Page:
US4150729 *May 9, 1978Apr 24, 1979Ormond A NewmanStrain gauge flexure isolated weighing scale
US4291776 *May 17, 1979Sep 29, 1981Mettler Instrumente AgScale with cantilever beam strain measurement
US4344496 *Nov 13, 1980Aug 17, 1982Testut-AequitasIntegral parallelogram load receiver
US4382479 *May 19, 1981May 10, 1983Setra Systems, Inc.Weighing system
US4383586 *May 19, 1981May 17, 1983Setra Systems, Inc.Adjustable linkage
US4448085 *May 19, 1981May 15, 1984Setra Systems, Inc.Force transducer
US4463614 *Mar 18, 1982Aug 7, 1984Setra Systems, Inc.Force transducer
US4488611 *Aug 23, 1982Dec 18, 1984Revere Corporation Of AmericaLoad cell
US4558600 *May 13, 1983Dec 17, 1985Setra Systems, Inc.Force transducer
US4558756 *Apr 23, 1984Dec 17, 1985Toledo Transducers, Inc.Cantilever support beam assembly for a load cell and the like
US4655306 *Mar 20, 1986Apr 7, 1987K-Tron Patent AgMass-measuring and force-measuring device
US4899600 *Mar 16, 1987Feb 13, 1990Setra Systems, Inc.Compact force transducer with mechanical motion amplification
US5349871 *Sep 10, 1992Sep 27, 1994Teac CorporationLoad sensing device having improved load sensing ability
US5456724 *Dec 15, 1993Oct 10, 1995Industrial Technology Research InstituteLoad sensor for bone graft
US5496973 *Jul 7, 1994Mar 5, 1996Wirth Gallo Messtechnik AgTwo point load cell
US5604336 *Mar 8, 1995Feb 18, 1997Weigh-Tronix, Inc.Load cell with composite end beams having portions with different elastic modulus
US5633466 *Mar 25, 1996May 27, 1997Hiroaki YanagidaMaximum value storage sensor
US5831221 *Oct 13, 1994Nov 3, 1998Future Sysems, Inc.Caster mounted weighing system
US5866854 *Jan 29, 1997Feb 2, 1999Mettler-Toledo AgCalibrating device for a balance
US7009119Dec 2, 2003Mar 7, 2006Conair CorporationWeight scale control system and pad
US7057119 *Jan 20, 2004Jun 6, 2006Michigan Scientific Corp.Egg weighing apparatus
US9127997 *Jul 19, 2012Sep 8, 2015Magna Steyr Fahrzeugtechnik Ag & Co KgMeasuring element, force-measuring sensor, and measuring assembly for measuring forces
US9274015 *Feb 18, 2014Mar 1, 2016Airbus Operations GmbhDevice and method for measuring sectional forces
US9360383 *Apr 4, 2013Jun 7, 2016Nate J. Coleman and Aexius, LLCSystem and method to measure force or location on an L-beam
US9400207Mar 15, 2013Jul 26, 2016Illinois Tool Works Inc.Sensor mounting bracket
US20040129463 *Dec 2, 2003Jul 8, 2004Conair CorporationWeight scale control system and pad
US20040149497 *Jan 20, 2004Aug 5, 2004Michigan Scientific Corp.Egg weighing apparatus
US20050121266 *Dec 8, 2003Jun 9, 2005Russell OzechowskiIncremental braking apparatus and method of braking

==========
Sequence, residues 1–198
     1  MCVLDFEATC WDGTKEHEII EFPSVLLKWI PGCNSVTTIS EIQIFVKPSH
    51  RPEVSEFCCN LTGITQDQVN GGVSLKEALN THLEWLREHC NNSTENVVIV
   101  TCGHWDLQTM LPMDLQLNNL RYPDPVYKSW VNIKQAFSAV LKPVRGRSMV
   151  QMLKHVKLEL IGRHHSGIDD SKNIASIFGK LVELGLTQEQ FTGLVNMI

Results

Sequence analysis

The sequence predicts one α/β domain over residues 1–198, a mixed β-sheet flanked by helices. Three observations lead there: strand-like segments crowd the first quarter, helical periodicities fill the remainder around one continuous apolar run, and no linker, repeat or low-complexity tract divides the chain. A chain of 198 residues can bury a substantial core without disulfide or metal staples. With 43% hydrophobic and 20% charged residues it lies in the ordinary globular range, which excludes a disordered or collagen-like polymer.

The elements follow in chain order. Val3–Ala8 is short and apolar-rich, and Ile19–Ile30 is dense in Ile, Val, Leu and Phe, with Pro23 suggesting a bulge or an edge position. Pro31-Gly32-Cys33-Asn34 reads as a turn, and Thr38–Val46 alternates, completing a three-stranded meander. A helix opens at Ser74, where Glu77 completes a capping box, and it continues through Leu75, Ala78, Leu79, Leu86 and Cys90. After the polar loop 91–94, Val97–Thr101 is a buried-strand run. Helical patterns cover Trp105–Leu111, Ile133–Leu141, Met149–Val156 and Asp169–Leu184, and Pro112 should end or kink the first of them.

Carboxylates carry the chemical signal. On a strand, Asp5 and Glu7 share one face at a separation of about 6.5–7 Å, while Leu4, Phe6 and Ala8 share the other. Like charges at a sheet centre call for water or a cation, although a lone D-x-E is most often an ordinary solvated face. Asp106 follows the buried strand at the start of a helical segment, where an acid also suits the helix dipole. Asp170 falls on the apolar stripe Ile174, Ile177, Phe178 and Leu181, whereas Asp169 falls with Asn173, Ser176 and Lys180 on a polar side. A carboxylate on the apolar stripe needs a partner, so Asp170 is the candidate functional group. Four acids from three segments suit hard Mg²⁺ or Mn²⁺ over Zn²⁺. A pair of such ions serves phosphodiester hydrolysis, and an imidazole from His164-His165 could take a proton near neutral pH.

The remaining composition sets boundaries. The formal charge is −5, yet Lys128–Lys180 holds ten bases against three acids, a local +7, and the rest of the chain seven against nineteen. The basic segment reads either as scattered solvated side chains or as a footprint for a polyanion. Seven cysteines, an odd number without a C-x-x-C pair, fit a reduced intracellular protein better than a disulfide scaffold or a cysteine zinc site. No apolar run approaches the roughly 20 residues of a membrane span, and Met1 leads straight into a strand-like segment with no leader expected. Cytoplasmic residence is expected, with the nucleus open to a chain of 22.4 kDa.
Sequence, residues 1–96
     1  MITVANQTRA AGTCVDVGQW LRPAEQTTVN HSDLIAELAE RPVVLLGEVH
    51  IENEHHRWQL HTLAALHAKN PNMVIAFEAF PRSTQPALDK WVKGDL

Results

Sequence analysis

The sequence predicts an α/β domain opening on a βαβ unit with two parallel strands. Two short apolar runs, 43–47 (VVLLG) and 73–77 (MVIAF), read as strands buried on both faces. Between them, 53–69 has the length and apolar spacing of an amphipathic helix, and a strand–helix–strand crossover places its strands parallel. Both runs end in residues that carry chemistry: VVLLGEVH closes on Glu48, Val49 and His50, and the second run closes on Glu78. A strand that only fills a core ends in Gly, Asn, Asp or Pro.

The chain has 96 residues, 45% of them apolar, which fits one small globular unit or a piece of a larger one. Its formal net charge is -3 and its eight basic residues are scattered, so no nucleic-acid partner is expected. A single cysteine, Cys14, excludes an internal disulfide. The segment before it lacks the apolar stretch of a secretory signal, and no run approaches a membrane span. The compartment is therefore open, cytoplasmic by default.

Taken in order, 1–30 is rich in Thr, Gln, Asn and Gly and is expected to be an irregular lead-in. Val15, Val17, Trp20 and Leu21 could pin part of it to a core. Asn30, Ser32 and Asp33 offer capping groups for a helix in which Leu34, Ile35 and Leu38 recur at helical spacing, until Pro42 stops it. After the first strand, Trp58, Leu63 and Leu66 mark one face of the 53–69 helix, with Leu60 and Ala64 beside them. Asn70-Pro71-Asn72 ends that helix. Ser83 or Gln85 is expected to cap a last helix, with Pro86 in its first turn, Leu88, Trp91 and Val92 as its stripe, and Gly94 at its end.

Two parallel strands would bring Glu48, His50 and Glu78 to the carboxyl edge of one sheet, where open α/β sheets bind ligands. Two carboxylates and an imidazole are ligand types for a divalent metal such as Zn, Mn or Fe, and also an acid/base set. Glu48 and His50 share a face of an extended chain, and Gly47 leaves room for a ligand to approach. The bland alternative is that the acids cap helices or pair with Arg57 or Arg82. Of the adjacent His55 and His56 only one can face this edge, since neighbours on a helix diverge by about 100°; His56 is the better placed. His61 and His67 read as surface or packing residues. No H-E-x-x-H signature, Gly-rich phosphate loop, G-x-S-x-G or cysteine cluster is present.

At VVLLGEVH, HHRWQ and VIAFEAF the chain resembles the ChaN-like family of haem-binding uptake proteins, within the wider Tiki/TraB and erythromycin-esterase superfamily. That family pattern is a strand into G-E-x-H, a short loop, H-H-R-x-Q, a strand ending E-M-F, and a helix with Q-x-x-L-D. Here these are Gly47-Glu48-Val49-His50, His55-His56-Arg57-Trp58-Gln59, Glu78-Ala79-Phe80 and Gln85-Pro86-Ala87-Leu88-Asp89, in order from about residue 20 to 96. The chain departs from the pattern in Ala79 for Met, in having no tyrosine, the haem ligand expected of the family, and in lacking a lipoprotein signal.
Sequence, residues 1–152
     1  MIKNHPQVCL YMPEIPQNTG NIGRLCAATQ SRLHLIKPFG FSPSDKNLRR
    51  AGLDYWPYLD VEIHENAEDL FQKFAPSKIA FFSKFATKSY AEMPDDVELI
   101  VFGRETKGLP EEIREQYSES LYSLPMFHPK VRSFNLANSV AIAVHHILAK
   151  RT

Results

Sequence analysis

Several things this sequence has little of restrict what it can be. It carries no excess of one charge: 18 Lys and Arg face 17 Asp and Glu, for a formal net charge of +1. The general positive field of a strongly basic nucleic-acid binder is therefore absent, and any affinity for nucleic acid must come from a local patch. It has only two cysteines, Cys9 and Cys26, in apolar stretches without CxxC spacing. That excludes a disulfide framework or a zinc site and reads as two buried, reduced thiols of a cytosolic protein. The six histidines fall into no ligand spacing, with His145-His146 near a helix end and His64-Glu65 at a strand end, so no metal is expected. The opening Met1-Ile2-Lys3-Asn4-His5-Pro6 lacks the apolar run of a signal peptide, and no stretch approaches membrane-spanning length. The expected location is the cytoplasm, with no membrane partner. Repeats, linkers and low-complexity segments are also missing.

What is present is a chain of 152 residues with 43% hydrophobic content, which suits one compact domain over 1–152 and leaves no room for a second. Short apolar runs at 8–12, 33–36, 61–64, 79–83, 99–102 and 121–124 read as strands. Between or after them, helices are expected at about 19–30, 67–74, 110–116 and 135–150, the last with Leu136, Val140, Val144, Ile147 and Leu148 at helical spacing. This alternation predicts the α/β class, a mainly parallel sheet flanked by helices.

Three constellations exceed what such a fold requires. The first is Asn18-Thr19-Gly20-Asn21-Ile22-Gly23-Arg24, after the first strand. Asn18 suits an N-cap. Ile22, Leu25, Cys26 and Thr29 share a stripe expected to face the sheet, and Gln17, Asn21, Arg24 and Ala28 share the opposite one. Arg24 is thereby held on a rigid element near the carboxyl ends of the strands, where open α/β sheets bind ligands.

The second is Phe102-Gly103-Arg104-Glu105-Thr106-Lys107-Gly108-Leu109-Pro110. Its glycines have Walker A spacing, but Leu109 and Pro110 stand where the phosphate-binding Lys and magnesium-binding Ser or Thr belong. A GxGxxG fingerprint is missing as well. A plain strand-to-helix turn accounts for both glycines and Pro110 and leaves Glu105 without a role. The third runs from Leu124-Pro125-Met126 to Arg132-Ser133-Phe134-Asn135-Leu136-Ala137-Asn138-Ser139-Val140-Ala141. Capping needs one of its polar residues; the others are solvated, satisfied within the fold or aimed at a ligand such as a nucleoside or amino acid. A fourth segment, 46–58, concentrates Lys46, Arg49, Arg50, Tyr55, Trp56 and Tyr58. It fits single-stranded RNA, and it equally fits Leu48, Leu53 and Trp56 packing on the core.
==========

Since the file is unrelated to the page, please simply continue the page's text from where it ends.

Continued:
US20110120235 *May 11, 2009May 26, 2011Dong-Ryong ShinElastic body for measuring loads and a non-contact load-measuring device using the same
US20130061689 *Jul 19, 2012Mar 14, 2013Magna Steyr Fahrzeugtechnik Ag & Co KgMeasuring element, force-measuring sensor, and measuring assembly for measuring forces
US20130126249 *Nov 22, 2011May 23, 2013Simmonds Precision Products, Inc.Load cell and applications thereof
US20140230569 *Feb 18, 2014Aug 21, 2014Airbus Operations GmbhDevice and method for measuring sectional forces
US20140299389 *Apr 4, 2013Oct 9, 2014Nate J. ColemanSystem and method to measure force or location on an l-beam
CN101603849BApr 1, 2009Jul 4, 2012株式会社百利达A multi-point type weighing equipment and a manufacturing method for the same
DE3218577A1 *May 17, 1982Mar 3, 1983Setra Systems IncKraftwandler
DE3243350A1 *Nov 24, 1982Sep 27, 1984Sauer KunoCompact-block weighing cell
DE10151561B4 *Oct 23, 2001May 31, 2007Siemens AgKraftsensor
DE20016328U1 *Sep 19, 2000Feb 21, 2002Mannesmann Vdo AgQuerkraftsensor
DE20016329U1 *Sep 19, 2000Feb 14, 2002Mannesmann Vdo AgBiegemomentsensor
DE20016330U1 *Sep 19, 2000Feb 14, 2002Mannesmann Vdo AgMechanisch-elektrischer Wandler
DE102009022343A1 *May 15, 2009Dec 2, 2010Brosa AgKraftmesssystem zum Messen von Schub- bzw. Druckkräften, insbesondere bei Spreadern
DE102009022343B4 *May 15, 2009Apr 28, 2016Brosa AgKraftmesssystem zum Messen von Schub- bzw. Druckkräften, insbesondere bei Spreadern
EP0029776A1 *Nov 14, 1980Jun 3, 1981Testut-AequitasParallel beam scales with a parallelogram of unitary construction
EP0195875A1 *Mar 25, 1985Oct 1, 1986K-TRON Patent AGMass-and-force measuring device
EP0227850A1 *Dec 20, 1985Jul 8, 1987Hottinger Baldwin Messtechnik GmbhForce transducer
EP1189047A2 *Sep 17, 2001Mar 20, 2002Siemens AktiengesellschaftBending moment sensor
EP1189047A3 *Sep 17, 2001Sep 29, 2004Siemens AktiengesellschaftBending moment sensor
EP2597441A3 *Nov 21, 2012Jan 22, 2014Simmonds Precision Products, Inc.Load cell and applications thereof
WO1996012164A1 *Oct 13, 1995Apr 25, 1996Future Systems, Inc.Caster mounted weighing system
WO2014149635A1 *Mar 3, 2014Sep 25, 2014Illinois Tool Works Inc.Improved sensor mounting bracket
U.S. Classification73/862.628, 73/862.633, 73/862.635, 177/229, 73/862.634
International ClassificationG01G3/14, G01L1/22
Cooperative ClassificationG01G3/1404, G01L1/2218, G01L1/2243
European ClassificationG01G3/14B4, G01L1/22B7, G01L1/22B9